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I was extremely excited to dive into Pam Didner’s Global Content Marketing (affiliate link) for this month’s SEJ Book Club. I’ve met Pam at several industry events and have had the pleasure of seeing her speak. Pam’s energy is contagious and her knowledge, abundant.
Pam spent the majority of her career leading a Fortune 100 company to strategize, create and implement global marketing efforts. Recently, she refocused her efforts to establish a boutique consulting firm that serves enterprises, associations, small businesses and start-ups.
In her book, Pam highlights a variety of insights surrounding content strategy, the content marketing cycle, features of a great content marketer and teams, and what the future has in store for global content marketing.
What Makes Up Content Strategy?
Content is everywhere. It can be a video, a blog, an image, a webinar, an e-book, or a newspaper.
“In the web industry, anything that conveys meaningful information to humans is called content,” according to Erin Kissane in The Elements of Content Strategy.
Building upon that, Amanda Maksymiw’s definition of content marketing hits the core: “…the process of developing and sharing relevant, valuable, and engaging content to target audiences with the goal of acquiring new customers or increasing business from existing customers.
Pam’s definition of “global content marketing” builds upon those even further:
“Global content marketing is the process of developing and sharing relevant, valuable, and engaging content with target audiences across countries with the goal of acquiring new customers or increasing business from existing customers globally.”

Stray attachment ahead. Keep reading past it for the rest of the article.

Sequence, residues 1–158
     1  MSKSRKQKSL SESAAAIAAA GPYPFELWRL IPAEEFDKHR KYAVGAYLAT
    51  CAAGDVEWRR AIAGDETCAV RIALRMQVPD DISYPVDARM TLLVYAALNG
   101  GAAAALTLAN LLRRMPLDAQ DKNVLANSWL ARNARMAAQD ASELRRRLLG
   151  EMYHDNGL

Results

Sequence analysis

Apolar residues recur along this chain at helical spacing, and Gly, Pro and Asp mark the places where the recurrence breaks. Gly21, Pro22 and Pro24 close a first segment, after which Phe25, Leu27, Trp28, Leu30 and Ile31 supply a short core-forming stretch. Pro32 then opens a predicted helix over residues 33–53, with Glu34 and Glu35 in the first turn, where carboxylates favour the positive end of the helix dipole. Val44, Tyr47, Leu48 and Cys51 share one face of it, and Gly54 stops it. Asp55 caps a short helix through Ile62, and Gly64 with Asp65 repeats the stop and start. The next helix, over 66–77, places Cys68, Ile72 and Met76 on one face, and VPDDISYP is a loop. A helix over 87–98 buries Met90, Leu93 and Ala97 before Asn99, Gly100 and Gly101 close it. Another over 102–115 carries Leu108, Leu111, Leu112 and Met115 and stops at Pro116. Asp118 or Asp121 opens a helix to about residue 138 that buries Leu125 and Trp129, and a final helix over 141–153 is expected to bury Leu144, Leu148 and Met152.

Why globalize your content? Pam elaborates on a few key reasons:
- Content marketing is nothing new
- Everyone is constantly searching for something
- Content creates perception
- For the love of our devices, we chase content
- Content marketing needs to help your customers find “it”
One of Pam’s key points surrounds her revitalized “Four P’s” E. Jerome McCarthy, an American marketing professor and author of Basic Marketing: A Managerial Approach, initially presented the four elements of marketing which have served as the basis of marketing for the past century:
In the 1990s, Robert Lauterborn introduced the four C’s as new definitions for the four P’s:
- Consumer (versus Product)
- Cost (versus Price)
- Convenience (versus Place)
- Communication (versus Promotion)
The 4 P’s of the Global Content Marketing Cycle
Pam then proceeded to identify four P’s to creating a global content marketing plan:
- Plan: Strategy before execution
- Produce: Create content that matters
- Promote: Distribute content in the digital era
- Perfect: Measure and optimize to drive maximum impact
How to Build a Global Content Marketing Team
Once you have a plan in place, it’s time to assemble a team.
“A global content marketing success is the combination of coming together and working together, then staying together through the 4 P’s stages of the content.”